One trend that showed around the world following Russia’s invasion of Ukraine was the imposition of sanctions on the wealthy oligarchs that comprise much of Vladimir Putin’s inner circle. Yachts and mansions were being seized, bank assets were frozen, and various governments were doing everything under the sun to hit them in the wallet. But now some western leaders are rethinking that strategy, with one Canadian official suggesting an alternate plan during a G-7 meeting in Germany this week. Chrystia Freeland proposed an international agreement to offer the oligarchs the chance to escape the sanctions if they offered to pay a hefty price, with the money going toward rebuilding Ukraine and helping the Ukrainian people impacted by the war. And the plan might have some other, less tangible benefits as well. (Associated Press)
Western allies are considering whether to allow Russian oligarchs to buy their way out of sanctions and using the money to rebuild Ukraine, according to government officials familiar with the matter.
Canadian Deputy Prime Minister and Finance Minister Chrystia Freeland proposed the idea at a G-7 finance ministers’ meeting in Germany last week.
Freeland raised the issue after oligarchs spoke to her about it, one official said. The Canadian minister knows some Russian oligarchs from her time as a journalist in Moscow.
I suppose one of the first questions we might ask is whether or not Elena Baturina, the wealthiest woman in Russia who once gave Hunter Biden $3.5 million will be asked to kick into the Ukraine fund. She seems to have gotten off remarkably easily somehow, compared to many of her fellow oligarchs.
It’s also worth asking just how much help a plan like this could really deliver for Ukraine. CNN estimates that there are roughly 100 Russian oligarchs who are in the range of being billionaires, with close ties to Vladimir Putin. But not all of that wealth is in the form of cash, of course. Even if you could convince all of them to kick in $100 million (a very large amount to ask for), you’d be talking about roughly ten billion dollars. That’s a lot of money, to be sure, but I doubt it would rebuild even one city.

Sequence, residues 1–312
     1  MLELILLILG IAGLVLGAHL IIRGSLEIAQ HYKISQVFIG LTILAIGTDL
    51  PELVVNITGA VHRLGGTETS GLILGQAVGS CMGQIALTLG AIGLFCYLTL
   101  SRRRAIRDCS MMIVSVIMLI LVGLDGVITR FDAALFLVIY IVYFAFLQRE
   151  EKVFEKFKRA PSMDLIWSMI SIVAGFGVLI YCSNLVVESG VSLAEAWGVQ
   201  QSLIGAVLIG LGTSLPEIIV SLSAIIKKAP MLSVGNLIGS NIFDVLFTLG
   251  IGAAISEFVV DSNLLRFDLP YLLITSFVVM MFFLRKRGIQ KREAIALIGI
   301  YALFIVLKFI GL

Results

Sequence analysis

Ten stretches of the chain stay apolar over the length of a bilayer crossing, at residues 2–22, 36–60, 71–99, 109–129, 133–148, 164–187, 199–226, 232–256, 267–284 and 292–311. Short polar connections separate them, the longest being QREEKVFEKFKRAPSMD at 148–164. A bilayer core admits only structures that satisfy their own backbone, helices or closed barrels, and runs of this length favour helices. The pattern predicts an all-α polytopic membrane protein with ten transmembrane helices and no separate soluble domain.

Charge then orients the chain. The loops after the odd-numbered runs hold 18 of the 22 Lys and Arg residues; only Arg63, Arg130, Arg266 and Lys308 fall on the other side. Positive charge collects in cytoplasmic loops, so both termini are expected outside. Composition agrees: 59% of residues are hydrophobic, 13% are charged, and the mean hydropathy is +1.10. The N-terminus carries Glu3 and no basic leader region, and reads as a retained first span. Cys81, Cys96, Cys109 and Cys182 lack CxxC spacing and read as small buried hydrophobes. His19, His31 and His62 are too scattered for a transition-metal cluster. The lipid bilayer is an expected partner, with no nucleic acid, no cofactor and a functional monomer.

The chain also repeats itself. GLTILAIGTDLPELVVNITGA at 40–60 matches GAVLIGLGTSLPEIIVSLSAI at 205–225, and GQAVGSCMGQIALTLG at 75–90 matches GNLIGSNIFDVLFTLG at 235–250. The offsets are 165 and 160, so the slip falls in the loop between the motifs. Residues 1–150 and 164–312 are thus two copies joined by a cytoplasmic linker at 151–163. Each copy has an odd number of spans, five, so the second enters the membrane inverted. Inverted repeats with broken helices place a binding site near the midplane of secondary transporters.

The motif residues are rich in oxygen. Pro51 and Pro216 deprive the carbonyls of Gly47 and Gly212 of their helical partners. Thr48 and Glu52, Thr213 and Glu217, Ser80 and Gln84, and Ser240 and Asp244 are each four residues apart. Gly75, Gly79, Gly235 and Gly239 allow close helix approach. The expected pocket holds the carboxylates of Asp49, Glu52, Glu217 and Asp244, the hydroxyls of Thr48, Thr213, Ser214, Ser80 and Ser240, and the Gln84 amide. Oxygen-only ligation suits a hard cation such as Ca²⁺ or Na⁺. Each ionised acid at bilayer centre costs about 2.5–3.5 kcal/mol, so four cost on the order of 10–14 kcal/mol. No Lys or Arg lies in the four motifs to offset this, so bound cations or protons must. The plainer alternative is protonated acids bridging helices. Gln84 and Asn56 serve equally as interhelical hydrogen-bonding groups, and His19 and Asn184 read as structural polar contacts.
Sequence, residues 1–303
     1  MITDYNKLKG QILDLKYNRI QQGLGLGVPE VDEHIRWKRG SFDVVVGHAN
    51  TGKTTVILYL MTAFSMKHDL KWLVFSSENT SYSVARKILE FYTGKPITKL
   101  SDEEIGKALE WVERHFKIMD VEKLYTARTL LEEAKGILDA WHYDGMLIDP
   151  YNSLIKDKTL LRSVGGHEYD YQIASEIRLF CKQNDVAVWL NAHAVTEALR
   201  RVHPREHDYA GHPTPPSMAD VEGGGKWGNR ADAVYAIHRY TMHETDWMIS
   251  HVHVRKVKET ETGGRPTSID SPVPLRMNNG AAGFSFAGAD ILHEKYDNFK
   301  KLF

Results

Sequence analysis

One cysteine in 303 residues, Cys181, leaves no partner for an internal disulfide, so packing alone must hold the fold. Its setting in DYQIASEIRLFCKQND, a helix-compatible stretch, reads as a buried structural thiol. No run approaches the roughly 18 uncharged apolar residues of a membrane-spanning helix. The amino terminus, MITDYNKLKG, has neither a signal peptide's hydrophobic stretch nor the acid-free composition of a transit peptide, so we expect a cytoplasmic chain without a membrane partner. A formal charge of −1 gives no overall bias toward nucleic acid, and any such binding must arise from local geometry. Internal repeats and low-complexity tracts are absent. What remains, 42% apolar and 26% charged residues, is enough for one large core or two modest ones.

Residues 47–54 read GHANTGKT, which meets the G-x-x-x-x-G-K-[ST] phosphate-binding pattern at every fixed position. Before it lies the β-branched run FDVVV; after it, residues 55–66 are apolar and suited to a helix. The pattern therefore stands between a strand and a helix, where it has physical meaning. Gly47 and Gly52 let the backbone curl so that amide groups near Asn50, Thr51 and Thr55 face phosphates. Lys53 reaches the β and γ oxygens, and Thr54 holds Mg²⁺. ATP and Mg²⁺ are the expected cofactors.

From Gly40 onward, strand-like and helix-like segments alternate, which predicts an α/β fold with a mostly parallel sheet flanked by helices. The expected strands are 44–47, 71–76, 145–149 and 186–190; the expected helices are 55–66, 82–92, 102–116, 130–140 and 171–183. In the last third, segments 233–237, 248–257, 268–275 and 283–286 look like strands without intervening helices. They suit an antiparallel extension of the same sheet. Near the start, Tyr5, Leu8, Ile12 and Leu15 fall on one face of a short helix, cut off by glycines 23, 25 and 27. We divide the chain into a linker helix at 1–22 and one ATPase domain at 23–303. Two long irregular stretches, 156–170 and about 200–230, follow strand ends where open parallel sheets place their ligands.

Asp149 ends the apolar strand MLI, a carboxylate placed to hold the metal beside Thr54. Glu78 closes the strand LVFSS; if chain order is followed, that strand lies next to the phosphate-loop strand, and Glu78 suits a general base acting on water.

As the AP points out, having the oligarchs give up some of their frozen assets voluntarily might be of particular benefit to countries like Germany.
The proposal could help remove a legal hurdle for authorities in countries such as Germany, where the bar for confiscating frozen assets is very high. By voluntarily giving up a share of their fortune abroad, oligarchs would save Western governments the potential embarrassment of being rebuffed by their own courts.
The plan might have one other benefit, however. If you could convince a large number of the oligarchs to take the offer and escape future sanctions, they would almost certainly be split away from Vladimir Putin’s orbit, further isolating him. Most of them would probably have to leave Russia permanently in fear for their lives. That might weaken Putin significantly both in terms of financial muscle and influence. If that were the case and the money could be monitored and applied fairly to help the Ukrainians, it might be worth considering. But there’s no telling how many of them would take such an offer. Making an enemy of Mad Vlad has historically had a negative impact on people’s life expectancies.
Of course, none of this may matter if Putin isn’t going to be around all that much longer. With continued rumors about his declining health and capacities still swirling, he may wind up in a sanitarium or six feet under at some point. Would his replacement continue the war or blame the whole thing on Putin and withdraw from Ukraine voluntarily. That depends on who winds up seizing power, of course. But the Russians are really starting to feel the bite of the sanctions at this point, so perhaps they might be willing to consider a “transitional” plan that allows them to save face while ending the war.